Doesn’t Play Well With Others


I’ve always felt like I’m lingering on the outside of things, as if I’m more the observer than the participant.

Somewhere along the path of childhood, I decided the other kids had a secret language, one I could not understand. They were included in a club in which I had no place.

I was at Sacred Heart in first grade when my mom brought me an elaborate packed lunch. She was angry because she found me hiding in the coat closet. Early that morning she told me not to get near the other kids’ “dirty” coats because they had lice. Coats were all around me. For whatever reason, I simply did not care about lice.

I liked hiding among the coats in the closet. It was dark. No one could see me. No one could laugh at me. No one could bother me.

I listened to excited kid voices muffled by heavy winter coats. I vaguely recall the other first graders in my class. I don’t remember interacting with them.

I was a stubborn child. Teachers often called me “independent.” I didn’t understand the easy laughter of these children, the way they naturally played amongst themselves.
I’d try to blend in with them, but they’d ignore me. I’d get mad. Other little girls were especially mysterious because the contact I did have with children was limited to the boys I played with in our neighborhood. My only school friend was Danny who lived down the street. We were often in trouble together in school. We liked to break the rules.

The few female children in my neighborhood were not allowed to play with me. I was a bad influence. I did not have the self-esteem or the social skills to interact.

I understood adult anger far easier than I understood how to play well with others.

13 thoughts on “Doesn’t Play Well With Others

  1. But…you’re one of my favorite playmates, Sweets. ♥♥♥
    Don’t be so hard on yourself.

  2. Alaina says:

    Oh my goodness… while you were hiding in the coat closet in the first grade, I was talking talking talking talking talking… and I could not shut up!

    I am usually a quiet person so when I look back on my first grade experience I don’t know what in the heck was wrong with me! Maybe I acted like that because I was an only child until the year I turned 7. Most of the time during my first 6 years of life I was entirely alone. My mother did not want me to “bother” her, so I had to stay either in my room, alone, or outdoors, alone. (I preferred outdoors, but sometimes it rained.)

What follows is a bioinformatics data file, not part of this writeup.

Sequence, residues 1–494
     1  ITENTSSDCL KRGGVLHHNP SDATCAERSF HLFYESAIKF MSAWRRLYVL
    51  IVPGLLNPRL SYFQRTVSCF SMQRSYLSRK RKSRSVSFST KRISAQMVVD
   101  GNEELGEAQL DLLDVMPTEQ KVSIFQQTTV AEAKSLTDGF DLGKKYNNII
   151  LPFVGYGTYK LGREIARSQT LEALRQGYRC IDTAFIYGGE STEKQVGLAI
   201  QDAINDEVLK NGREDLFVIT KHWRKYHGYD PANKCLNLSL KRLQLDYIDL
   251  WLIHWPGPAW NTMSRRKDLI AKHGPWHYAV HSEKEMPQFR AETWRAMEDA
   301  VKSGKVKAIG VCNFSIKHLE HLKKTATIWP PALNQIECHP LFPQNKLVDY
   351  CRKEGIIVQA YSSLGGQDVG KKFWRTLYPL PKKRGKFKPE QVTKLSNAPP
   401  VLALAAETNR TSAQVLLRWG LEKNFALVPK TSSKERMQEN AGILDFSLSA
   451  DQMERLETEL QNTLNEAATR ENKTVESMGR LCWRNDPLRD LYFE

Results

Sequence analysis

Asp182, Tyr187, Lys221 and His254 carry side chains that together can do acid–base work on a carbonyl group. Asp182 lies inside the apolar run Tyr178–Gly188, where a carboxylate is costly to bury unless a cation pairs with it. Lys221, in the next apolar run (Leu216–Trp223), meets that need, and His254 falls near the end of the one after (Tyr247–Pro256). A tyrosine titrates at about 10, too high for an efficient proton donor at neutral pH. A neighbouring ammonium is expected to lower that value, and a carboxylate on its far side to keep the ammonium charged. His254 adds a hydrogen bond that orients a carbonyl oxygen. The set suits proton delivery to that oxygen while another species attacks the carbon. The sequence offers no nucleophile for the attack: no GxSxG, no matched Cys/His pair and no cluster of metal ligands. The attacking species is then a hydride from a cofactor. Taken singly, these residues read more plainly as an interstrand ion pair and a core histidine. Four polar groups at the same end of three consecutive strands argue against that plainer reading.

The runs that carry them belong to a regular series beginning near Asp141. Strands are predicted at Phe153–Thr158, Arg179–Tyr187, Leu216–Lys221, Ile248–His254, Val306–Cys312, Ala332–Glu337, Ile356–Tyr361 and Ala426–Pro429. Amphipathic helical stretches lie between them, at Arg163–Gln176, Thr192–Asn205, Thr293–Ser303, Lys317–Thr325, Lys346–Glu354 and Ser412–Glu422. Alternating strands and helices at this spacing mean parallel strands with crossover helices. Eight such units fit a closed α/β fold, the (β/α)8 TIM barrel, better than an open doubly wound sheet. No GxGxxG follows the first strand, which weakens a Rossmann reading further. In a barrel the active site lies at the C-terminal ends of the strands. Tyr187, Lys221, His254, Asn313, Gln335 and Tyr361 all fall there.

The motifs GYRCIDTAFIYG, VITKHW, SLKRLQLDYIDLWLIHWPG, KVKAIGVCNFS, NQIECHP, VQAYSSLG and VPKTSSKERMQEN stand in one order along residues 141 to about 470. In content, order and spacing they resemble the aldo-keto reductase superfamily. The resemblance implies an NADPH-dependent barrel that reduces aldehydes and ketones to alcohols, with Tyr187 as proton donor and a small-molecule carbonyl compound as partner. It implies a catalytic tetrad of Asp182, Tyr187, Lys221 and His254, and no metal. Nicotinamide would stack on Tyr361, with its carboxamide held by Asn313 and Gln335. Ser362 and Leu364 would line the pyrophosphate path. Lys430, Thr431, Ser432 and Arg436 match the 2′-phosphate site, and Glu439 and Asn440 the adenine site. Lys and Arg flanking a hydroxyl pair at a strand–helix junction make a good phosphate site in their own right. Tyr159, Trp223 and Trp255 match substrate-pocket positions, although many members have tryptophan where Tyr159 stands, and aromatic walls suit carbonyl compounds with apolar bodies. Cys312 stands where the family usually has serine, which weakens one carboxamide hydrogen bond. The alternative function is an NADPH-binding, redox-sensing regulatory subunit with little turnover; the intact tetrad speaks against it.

My first grade escapades are emblazoned in my memory. I still remember how ECSTATIC I was when I got to school and discovered an entire room full of children! WOW OH WOW!! I was so excited, I suddenly became hyper-manic. I wanted to be friends with everybody, all at once. So I talked to all of the kids around me, trying to make friends with every one of them.

    At first, the other kids were talking to me, too. It was like an all-day party with twenty 6-year-olds! But then the teacher made us stop talking. That is, she made everyone stop talking… except me. I was super obedient as a child, so disobeying the teacher was very out of character for me. I tried to stop talking like she said, I really did. But I kept thinking of just One More Thing that I had to say or else I would BURST.

    So the teacher moved me to another part of the room. Apparently she thought that I was friends with the kids I kept talking to, and maybe if I were sitting next to different kids, I would not talk to them. But it made no difference, I wanted to be friends with everybody, equally.

    Then she moved me into the middle of the boys’ section (the class was divided with all the girls on one side of the room and all the boys on the other.) “I’ll bet you won’t want to talk to the nasty old BOYS, now will you?” she said with a smirk.

    But I liked boys just as much as I liked girls. Boys are kids, too, right!

    So the teacher moved my desk up to the front of the room right next to her desk. THAT put a stop to my talking, right?

    Nope… I turned around and stage-whispered to the kids in the front row every time the teacher went to write on the black board.